I have student who is attempting an independent study next year in audio processing. Her goals involve detecting the meter of a song. Thus could be done through machine learning, or through other forms of AI.

While she will eventually be creating a science fair project, she has asked for advice on what to study over the summer in order to make the most of next year. I have no experience in this realm. I know that she had not yet taken AP Statistics, but I also don't know how much statistical knowledge is really necessary.

As some context, she is a rising high school junior who has already taken AP Computer Science, and a course on C and Assembly Programming.

Can anyone advise on how I can guide her?

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    $\begingroup$ I would suggest, that a fourier transform would be one of the early steps. Then the rest of the code would be analysing frequencies. $\endgroup$ May 30 '17 at 14:44
  • $\begingroup$ That's exactly the sort of specificity I'm looking for. Could you flesh that out into more of an answer? $\endgroup$
    – Ben I.
    May 30 '17 at 14:58

Most audio analysis would be done in the frequency domain. Signal (including audio) can be seen as a set of samples in the time domain, or the frequency domain. Fourier showed that any signal can be created by adding together a set of sine waves. Often it is easier to analyse a signal in the frequency domain, especially questions about frequency, such as meter (I am not 100% sure what this is, but from the wikipedia article on meter, it seems to be a frequency thing).

Therefore I would suggest, that a Fourier transform would be one of the early steps. Then the rest of the code would be analysing frequencies. There are usually good libraries (they exist for C and python, I am not sure about other languages), for doing this.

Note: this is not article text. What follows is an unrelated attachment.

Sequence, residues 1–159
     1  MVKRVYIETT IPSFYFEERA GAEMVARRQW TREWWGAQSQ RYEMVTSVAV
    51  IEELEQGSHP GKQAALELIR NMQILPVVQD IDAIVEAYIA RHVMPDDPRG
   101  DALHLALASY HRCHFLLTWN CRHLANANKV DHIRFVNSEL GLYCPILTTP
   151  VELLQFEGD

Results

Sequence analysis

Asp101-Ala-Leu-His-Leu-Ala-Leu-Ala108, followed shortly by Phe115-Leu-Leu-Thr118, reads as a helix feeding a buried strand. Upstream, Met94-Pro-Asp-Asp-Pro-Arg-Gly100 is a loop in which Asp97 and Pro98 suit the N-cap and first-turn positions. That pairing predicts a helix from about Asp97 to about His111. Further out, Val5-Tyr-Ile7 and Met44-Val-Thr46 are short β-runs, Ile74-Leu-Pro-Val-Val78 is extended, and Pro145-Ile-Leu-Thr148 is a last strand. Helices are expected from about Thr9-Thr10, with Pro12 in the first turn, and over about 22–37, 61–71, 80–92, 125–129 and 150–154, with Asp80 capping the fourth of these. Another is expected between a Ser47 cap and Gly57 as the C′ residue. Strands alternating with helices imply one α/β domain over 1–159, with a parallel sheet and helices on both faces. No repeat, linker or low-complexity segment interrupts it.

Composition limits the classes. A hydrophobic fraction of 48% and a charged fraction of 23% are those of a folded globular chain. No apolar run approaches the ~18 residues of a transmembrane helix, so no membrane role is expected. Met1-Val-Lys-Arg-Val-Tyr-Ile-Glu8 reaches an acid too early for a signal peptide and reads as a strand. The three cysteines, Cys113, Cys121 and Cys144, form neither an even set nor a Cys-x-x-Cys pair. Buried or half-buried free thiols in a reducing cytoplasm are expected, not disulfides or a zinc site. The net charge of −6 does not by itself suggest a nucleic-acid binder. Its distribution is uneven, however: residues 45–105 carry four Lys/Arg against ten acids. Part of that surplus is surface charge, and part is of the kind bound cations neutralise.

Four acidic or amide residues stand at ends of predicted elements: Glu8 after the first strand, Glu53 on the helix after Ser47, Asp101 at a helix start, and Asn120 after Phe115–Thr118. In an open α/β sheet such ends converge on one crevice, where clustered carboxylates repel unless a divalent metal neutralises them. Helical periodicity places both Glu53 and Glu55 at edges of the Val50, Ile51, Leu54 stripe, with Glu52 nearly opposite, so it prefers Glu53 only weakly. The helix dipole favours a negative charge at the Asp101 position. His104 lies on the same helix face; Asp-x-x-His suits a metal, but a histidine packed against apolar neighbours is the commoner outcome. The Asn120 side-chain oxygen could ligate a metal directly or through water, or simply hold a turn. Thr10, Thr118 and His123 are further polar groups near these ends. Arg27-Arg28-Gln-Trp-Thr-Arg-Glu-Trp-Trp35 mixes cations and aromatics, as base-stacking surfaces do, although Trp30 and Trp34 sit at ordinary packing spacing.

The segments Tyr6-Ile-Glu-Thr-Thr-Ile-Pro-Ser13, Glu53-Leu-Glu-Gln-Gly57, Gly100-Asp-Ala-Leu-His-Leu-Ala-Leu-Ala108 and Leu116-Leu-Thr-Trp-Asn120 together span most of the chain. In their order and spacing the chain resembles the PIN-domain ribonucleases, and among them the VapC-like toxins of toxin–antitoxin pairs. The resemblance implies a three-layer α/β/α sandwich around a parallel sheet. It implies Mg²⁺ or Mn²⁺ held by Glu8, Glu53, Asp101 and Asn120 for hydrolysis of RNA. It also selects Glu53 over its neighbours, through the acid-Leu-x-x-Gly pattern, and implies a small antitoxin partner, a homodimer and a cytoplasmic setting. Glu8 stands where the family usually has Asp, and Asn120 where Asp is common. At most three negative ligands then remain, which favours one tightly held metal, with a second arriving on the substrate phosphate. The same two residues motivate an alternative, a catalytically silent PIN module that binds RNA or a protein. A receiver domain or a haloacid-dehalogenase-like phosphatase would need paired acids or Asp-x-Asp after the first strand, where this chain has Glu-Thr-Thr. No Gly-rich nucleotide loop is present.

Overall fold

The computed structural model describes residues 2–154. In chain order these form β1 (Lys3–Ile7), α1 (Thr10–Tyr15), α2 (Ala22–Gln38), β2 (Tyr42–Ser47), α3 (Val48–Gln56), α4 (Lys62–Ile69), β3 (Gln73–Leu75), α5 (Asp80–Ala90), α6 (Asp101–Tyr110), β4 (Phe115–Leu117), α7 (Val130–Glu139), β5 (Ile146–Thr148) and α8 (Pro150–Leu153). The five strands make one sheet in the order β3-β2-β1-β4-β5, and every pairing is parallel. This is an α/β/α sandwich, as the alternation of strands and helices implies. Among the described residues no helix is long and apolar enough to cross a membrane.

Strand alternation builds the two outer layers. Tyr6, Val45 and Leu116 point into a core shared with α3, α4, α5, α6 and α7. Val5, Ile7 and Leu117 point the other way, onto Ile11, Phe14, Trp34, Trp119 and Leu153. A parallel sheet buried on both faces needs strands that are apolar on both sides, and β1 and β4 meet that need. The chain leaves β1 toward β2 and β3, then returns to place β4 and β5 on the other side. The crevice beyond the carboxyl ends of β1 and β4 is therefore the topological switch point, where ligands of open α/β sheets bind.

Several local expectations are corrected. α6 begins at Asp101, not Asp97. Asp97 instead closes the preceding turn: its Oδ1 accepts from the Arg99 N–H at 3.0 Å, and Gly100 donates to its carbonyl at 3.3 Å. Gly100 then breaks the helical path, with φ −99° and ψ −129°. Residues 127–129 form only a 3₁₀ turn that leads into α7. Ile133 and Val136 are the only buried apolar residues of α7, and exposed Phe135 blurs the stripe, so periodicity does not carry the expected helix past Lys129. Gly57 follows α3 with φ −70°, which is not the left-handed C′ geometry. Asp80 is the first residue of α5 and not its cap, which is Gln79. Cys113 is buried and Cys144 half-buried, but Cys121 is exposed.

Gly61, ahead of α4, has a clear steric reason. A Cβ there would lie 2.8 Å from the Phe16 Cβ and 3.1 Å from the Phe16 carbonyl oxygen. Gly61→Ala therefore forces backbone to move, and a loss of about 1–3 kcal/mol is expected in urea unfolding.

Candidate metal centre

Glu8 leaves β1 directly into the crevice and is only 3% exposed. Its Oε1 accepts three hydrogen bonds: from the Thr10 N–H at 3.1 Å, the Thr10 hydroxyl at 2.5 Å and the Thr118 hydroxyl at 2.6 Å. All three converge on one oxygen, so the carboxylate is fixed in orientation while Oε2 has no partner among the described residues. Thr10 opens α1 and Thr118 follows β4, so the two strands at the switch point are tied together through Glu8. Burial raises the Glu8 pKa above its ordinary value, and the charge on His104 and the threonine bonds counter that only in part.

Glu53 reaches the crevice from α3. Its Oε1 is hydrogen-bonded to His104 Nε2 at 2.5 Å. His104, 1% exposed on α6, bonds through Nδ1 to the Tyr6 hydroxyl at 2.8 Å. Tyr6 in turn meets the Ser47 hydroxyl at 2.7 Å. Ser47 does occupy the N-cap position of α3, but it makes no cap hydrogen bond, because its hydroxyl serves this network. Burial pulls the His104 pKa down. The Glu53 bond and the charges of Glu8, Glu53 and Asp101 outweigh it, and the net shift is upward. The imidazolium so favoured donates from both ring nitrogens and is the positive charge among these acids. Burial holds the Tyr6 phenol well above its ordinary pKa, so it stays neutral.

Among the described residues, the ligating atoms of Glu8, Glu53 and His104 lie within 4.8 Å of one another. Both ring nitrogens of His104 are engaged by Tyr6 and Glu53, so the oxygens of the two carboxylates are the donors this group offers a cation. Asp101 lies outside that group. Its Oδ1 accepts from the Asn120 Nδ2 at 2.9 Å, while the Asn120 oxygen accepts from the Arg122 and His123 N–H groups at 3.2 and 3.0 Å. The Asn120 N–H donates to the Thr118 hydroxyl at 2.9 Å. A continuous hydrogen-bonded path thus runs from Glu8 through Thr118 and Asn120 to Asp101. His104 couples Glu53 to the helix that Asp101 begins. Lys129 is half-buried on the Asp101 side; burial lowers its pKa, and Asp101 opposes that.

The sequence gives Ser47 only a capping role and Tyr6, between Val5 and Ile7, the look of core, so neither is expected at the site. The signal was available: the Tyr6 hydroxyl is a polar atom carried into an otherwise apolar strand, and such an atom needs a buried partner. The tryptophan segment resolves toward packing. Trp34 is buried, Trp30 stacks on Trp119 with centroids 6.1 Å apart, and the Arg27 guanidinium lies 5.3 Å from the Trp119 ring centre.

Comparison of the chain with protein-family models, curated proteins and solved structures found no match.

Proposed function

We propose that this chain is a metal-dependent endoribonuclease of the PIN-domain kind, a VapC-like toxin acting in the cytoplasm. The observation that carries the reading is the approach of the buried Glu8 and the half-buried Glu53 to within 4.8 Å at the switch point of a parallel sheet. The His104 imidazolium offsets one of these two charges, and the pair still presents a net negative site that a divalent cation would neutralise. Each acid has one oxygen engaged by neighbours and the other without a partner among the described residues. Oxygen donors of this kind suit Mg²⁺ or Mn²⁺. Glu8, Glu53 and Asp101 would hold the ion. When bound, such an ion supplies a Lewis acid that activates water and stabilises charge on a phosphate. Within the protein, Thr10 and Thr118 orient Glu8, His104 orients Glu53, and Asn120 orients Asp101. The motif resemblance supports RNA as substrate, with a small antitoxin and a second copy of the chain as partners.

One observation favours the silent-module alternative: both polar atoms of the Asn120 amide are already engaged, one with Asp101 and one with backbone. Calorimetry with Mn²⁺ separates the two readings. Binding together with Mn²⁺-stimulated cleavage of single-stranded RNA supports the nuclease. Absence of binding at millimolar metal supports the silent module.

Yes, it requires quite a bit of mathematical knowledge, and some understanding of the different AI techniques out there (neural networks etc.).

You could tell her that a good way to go about it is first choosing the form of AI she would like to learn (here you can mention neural networks).

Next, she should try to learn about the mathematics behind the AI form she chose (computers eventually only compute, so there's math in it). For audio processing, neural networks are, in my opinion, ideal because their input can only be a collection of numbers. The key point of this part is thorough understanding of the field, which is necessary for later understanding how to use those tools correctly.

The next step is learning how to convert audio (maybe .mp3 files) to something that the chosen AI can work with. From there it's specific to the AI that she would choose, but the previous step ensures that she'll know what to do with that converted information (for neural networks - train them on that).

It really comes down to the second step. That's the biggest part, and that's where the self learning really comes into play. From what you say, I doubt she'll find it overly complex and difficult.


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